Meth is one of the most addictive and most degenerative drugs on the market. Even after one hit, users clamor for more, almost animalistic in their impulse to get high. However, it is possible to lash back against the pressure of addiction and regain independence in sobriety.
One way to become stronger than your addiction is to understand your cravings and be prepared for them. Drug triggers are elements that evoke a memory of drug use, which in turn leads to cravings. In most cases, addicts can’t find the willpower to fight their cravings, and this eventually leads to use.
If you can stop the sequence early on, before you even reach the stage of cravings, you will likely find it easier to curb your cravings and stop use entirely.
Here are the most common Meth triggers.
Sights, Sounds, Smells: External Triggers
Every memory you have of Meth use is connected to an abundance of sensations. Whether it is a song you heard when you were high, or the smell of someone’s perfume during a drug-fueled sex party, you may find yourself salivating under the power of drug cravings when hit with those triggers again.
List out all the ways that your senses were affected when you were high on Meth, and you will have a list of triggers to avoid. This may include:
• Flashing lights and colors.
• Smells in your environment, from cleaning supplies to soap and even food or cigarette smoke.
• Sounds, especially music or someone’s voice or even the sound of a fan blowing.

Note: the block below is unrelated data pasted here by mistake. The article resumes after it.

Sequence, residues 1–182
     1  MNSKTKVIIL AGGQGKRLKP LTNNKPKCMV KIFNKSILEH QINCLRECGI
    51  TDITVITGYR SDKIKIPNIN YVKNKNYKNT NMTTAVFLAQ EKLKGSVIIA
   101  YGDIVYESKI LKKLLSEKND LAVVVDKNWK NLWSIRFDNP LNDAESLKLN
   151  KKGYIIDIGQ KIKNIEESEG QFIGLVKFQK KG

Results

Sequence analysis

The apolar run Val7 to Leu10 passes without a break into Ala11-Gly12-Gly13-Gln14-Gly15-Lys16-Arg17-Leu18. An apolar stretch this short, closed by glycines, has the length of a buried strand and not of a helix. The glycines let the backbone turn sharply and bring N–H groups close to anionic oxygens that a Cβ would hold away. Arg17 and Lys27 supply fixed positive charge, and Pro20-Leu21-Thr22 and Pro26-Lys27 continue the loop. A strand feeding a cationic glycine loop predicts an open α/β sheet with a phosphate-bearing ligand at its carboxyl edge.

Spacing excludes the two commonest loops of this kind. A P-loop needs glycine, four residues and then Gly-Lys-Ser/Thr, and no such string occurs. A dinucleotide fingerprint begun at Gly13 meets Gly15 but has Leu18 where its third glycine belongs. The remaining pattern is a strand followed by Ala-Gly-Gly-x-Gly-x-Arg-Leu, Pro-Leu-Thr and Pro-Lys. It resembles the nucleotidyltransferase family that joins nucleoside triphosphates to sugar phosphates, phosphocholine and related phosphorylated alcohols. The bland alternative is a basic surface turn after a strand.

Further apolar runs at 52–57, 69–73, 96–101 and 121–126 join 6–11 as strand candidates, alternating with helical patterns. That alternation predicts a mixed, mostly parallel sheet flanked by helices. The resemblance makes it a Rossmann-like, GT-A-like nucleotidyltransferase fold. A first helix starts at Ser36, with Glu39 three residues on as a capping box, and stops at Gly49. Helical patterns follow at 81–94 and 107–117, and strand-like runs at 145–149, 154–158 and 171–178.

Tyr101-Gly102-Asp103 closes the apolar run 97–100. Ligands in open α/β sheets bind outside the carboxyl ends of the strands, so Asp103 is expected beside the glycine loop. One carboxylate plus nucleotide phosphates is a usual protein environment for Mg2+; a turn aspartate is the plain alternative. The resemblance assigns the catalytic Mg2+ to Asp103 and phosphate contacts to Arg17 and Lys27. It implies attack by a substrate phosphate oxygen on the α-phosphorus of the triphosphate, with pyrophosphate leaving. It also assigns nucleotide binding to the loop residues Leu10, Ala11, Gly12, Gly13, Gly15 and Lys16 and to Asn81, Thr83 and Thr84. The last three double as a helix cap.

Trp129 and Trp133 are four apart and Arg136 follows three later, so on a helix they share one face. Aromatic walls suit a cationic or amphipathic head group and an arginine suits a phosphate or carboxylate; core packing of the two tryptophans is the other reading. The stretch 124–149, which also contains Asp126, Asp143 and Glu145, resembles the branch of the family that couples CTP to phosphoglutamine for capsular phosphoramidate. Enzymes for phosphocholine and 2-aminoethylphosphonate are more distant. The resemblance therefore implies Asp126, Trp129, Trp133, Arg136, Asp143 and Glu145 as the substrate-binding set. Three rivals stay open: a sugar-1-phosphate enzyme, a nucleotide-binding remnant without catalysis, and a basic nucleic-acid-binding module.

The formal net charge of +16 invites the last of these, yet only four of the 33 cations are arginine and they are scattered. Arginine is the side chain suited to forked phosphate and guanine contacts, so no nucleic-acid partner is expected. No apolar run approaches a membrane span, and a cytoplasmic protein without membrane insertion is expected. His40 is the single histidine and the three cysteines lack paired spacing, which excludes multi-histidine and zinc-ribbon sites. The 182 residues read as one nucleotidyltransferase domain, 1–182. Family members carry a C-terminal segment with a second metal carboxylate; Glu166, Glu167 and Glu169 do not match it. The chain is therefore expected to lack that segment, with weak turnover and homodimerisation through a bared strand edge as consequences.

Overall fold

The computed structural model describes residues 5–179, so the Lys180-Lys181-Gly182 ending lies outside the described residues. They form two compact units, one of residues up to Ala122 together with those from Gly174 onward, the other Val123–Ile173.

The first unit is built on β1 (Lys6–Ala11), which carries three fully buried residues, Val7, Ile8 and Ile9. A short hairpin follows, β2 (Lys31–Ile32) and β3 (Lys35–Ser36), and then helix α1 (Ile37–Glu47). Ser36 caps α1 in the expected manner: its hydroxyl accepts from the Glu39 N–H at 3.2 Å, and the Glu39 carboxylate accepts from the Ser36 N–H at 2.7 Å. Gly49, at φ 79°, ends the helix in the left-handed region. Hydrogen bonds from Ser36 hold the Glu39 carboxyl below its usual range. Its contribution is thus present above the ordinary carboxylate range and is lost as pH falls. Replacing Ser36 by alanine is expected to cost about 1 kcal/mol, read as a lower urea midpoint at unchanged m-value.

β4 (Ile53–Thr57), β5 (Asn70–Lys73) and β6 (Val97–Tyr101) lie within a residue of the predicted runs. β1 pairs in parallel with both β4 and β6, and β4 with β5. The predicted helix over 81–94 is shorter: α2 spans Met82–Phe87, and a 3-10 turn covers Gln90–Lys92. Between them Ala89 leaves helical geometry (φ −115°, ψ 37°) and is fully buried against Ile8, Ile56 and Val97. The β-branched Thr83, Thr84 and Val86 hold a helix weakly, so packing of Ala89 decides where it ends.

• Environments that remind you of being high, such as the neighborhood of your dealer or the house you used to visit for Meth parties.
Thoughts and Emotions: Internal Triggers
Like all drugs, Meth is used to solve a problem or serve some purpose. Whether it was to address an internal struggle such as depression, loss or boredom, or to celebrate good news and spend time with friends, getting high is connected with some kind of internal thought or decision. These internal triggers can also elicit cravings and lead to relapse.
Internal triggers may include:
• Memories of lost loved ones.
• Feelings of embarrassment, anxiety or depression.
• Inactivity or boredom.
• Anger, rage or rebellion.
• Feelings of joy or excitement.
• Decisions made when high, such as, “He never really loved me anyway,” “I’m a loser,” and so on.
Dealing with Triggers
Once you are aware of your Meth triggers, you can take rapid action to prevent relapse.
First of all, cutting out any and all external trigger that you know of will minimize the number of times that you encounter a memory of being high. Change the soap you use if you know it is a trigger. Speak to your friends about changing anything that you know might elicit cravings. Avoid any environment that you know will remind you of being high. Cut ties with anyone who might act as a trigger, especially dealers and friends who are still using.
Another important step to take is to shift your attention toward areas that are far removed from your history as a Meth user. You might consider running or team sports. Take up a hobby you’ve always wanted to try. Travel. Go back to school. Get busy with life in any way that gives you peace and joy and keeps your mind from your addiction.
In time, both external and internal triggers will fade away and you will not have to struggle so hard to stay sober. Remember that dealing with triggers and cravings is all part of recovery, and you can get through it.